Once it solidifies, it is virtually impossible to clean out of the tank when replacing is required. A company may state that it doesn't need to be replaced but will refuse to warranty it past the allotted time. Therefore, you will have to pay for it, IF they can get it out. If not, then a whole new system will be required.

I strongly advise against tanks with mixed KDF and softener resins.

If you put in a softener that handles the iron and hardness, and you are still getting sulfur smells in your cold water, then a sulfur system may be required.

There are chlorine pill droppers, chemical feed units and backwashing filters using hydrogen peroxide. I prefer the latter but they are also more expensive.

At 0.4 ppm sulfur, that might be a little too much. A post filter using KDF and/or carbon can be added but needs to be changed occasional. It must be large enough to handle the flow rate and have enough shelf-life so that you are not replacing too often.

Hope this helped,
Andy Christensen, CWS-II
 
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Old 11-26-07, 09:12 AM
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Some Additional Questions

Your information and responsiveness have been very helpful indeed. Now that the turkey is pretty much gone, I have some additional questions.

Can either the iron level or sulfur smell be aggravated by lack of use? This house has been unoccupied for two years (since the time it was built). I'm wondering if the sulfur level may decline, for some reason, with regular water usage. It seems like a softener will readily take care of the iron so it's really the sulfur that I'm concerned about.

I found a few references that say that hydrogen sulfide, especially in the presence of iron, can interfere with water softener operation. But they provide no details on what will happen. Can you explain the impact? Considering this, would it make sense to install a sediment pre-filter, follow that with a GAC filter, and then install the softener? If our H2S level is 0.4 and there are just two of us in the house how long could we reasonably expect a GAC filter cartridge to last?

I spoke with the Lindsey people again and they explained that their manganese greensand filter recharges using an aerator built into the tank, not with potassium permanganate. They say this shortens the life of the media but gets rid of the mess and risk of the permanganate. Is that really the case? It sounds appealing since the chemistry of greensand seems to be pretty effective in addressing iron, manganese, and hydrogen sulfide. If there was a less fiddly/more reliable method to utilize greensand that might be appealing.

Also, do you have any experience with catalytic carbon filters? From what I've read if you have enough dissolved oxygen in the water they're relatively simple and reliable. I'm not sure how you determine dissolved oxygen content, however.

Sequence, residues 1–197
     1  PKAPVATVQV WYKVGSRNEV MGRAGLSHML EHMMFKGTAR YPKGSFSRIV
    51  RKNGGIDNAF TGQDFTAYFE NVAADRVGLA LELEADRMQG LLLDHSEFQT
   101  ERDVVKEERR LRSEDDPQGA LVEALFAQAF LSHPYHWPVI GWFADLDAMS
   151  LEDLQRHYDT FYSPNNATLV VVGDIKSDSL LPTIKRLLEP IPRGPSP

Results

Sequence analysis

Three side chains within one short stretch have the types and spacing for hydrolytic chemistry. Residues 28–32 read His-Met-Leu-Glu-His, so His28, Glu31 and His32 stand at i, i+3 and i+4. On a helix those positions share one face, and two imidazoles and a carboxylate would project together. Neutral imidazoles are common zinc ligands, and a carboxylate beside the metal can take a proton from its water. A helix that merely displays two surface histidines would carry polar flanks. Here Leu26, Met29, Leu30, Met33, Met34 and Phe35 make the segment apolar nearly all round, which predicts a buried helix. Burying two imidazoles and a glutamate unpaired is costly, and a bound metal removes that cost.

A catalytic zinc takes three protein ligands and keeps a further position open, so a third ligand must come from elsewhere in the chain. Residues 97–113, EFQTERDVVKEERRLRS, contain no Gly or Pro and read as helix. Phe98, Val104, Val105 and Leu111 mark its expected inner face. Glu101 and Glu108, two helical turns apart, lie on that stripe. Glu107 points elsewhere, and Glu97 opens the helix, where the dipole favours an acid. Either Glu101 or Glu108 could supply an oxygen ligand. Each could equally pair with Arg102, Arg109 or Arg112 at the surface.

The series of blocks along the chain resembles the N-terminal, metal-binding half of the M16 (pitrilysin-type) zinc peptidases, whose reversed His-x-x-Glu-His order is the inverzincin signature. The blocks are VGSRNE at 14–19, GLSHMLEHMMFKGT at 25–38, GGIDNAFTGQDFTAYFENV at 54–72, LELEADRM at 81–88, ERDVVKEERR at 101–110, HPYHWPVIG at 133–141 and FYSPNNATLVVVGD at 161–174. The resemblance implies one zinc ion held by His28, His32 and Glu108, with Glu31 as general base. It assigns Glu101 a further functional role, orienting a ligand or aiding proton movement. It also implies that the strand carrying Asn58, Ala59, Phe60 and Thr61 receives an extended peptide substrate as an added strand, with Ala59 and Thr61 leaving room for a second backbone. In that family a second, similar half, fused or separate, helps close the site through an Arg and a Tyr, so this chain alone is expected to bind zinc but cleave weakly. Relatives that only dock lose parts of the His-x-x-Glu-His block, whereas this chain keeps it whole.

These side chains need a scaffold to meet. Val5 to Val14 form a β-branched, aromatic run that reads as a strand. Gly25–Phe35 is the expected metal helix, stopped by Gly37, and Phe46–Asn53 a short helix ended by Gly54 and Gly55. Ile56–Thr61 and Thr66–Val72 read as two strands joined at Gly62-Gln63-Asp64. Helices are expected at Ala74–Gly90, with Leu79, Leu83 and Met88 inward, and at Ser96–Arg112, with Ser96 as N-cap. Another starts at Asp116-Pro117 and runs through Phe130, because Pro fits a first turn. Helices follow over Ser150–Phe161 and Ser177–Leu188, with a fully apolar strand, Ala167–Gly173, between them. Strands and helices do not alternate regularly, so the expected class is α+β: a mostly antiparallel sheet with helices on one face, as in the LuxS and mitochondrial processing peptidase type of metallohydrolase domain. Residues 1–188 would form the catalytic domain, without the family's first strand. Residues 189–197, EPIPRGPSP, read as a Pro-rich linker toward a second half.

Thanks again for all your help.
 
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Old 11-26-07, 01:20 PM
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"Can either the iron level or sulfur smell be aggravated by lack of use? This house has been unoccupied for two years (since the time it was built)."

Well, iron might precipitate and form iron deposits on the plumbing, valves might be harder to open or once opened to get them closed again, such as in the drain of a water heater.

But in general, I don't see where long periods of time will do much worse.

As for sulfur gases, they tend to raise to the highest location (upstairs shower heads) and sit there until released. There might be some minor corrosion on pipes but not like low pH. So I wouldn't worry too much there, either.

Running water can either increase or decrease the sulfur in the pipes. If you have trace amounts then it builds up and is very noticeable when the valve is opened but soon dissipates. On the other hand, if sulfur is high, drawing it from the well, full force will make it increase in odor. Sulfur is a tricky contaminant.

I found a few references that say that hydrogen sulfide, especially in the presence of iron, can interfere with water softener operation.

I have never found where sulfur interferes with the operations of a softener except to corrode, slowly, some metal fixtures. It normally passes right on through. It can affect an RO, however.

Run greensand without potassium permanganate? Never heard that. What would probably happen is that it will work for a short time, but become exhausted where every a backwash wont properly clean it and it will need to be rebedded. Thus, it precluded a long timel ine in operation...to his benefit? I wonder who will be doing the rebedding at your cost?